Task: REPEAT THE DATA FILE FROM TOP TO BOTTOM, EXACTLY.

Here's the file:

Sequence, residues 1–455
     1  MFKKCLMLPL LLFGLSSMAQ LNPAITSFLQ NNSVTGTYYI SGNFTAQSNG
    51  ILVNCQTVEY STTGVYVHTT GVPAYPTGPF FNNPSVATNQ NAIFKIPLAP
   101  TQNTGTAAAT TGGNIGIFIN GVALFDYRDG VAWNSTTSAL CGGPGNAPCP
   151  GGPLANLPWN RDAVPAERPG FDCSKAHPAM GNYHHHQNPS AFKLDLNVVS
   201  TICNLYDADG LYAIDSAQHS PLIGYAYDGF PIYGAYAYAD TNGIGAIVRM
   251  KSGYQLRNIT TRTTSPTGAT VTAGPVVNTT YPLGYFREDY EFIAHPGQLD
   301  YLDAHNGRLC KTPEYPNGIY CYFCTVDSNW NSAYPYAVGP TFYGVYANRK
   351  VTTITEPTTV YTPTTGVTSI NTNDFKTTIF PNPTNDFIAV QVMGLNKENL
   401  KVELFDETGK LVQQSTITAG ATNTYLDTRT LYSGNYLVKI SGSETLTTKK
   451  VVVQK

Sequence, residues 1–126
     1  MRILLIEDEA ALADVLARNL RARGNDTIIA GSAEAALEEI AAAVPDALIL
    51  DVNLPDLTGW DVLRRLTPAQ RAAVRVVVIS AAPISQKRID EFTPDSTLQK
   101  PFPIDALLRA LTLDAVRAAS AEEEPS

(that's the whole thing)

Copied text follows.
Sequence, residues 1–455
     1  MFKKCLMLPL LLFGLSSMAQ LNPAITSFLQ NNSVTGTYYI SGNFTAQSNG
    51  ILVNCQTVEY STTGVYVHTT GVPAYPTGPF FNNPSVATNQ NAIFKIPLAP
   101  TQNTGTAAAT TGGNIGIFIN GVALFDYRDG VAWNSTTSAL CGGPGNAPCP
   151  GGPLANLPWN RDAVPAERPG FDCSKAHPAM GNYHHHQNPS AFKLDLNVVS
   201  TICNLYDADG LYAIDSAQHS PLIGYAYDGF PIYGAYAYAD TNGIGAIVRM
   251  KSGYQLRNIT TRTTSPTGAT VTAGPVVNTT YPLGYFREDY EFIAHPGQLD
   301  YLDAHNGRLC KTPEYPNGIY CYFCTVDSNW NSAYPYAVGP TFYGVYANRK
   351  VTTITEPTTV YTPTTGVTSI NTNDFKTTIF PNPTNDFIAV QVMGLNKENL
   401  KVELFDETGK LVQQSTITAG ATNTYLDTRT LYSGNYLVKI SGSETLTTKK
   451  VVVQK

Sequence, residues 1–126
     1  MRILLIEDEA ALADVLARNL RARGNDTIIA GSAEAALEEI AAAVPDALIL
    51  DVNLPDLTGW DVLRRLTPAQ RAAVRVVVIS AAPISQKRID EFTPDSTLQK
   101  PFPIDALLRA LTLDAVRAAS AEEEPS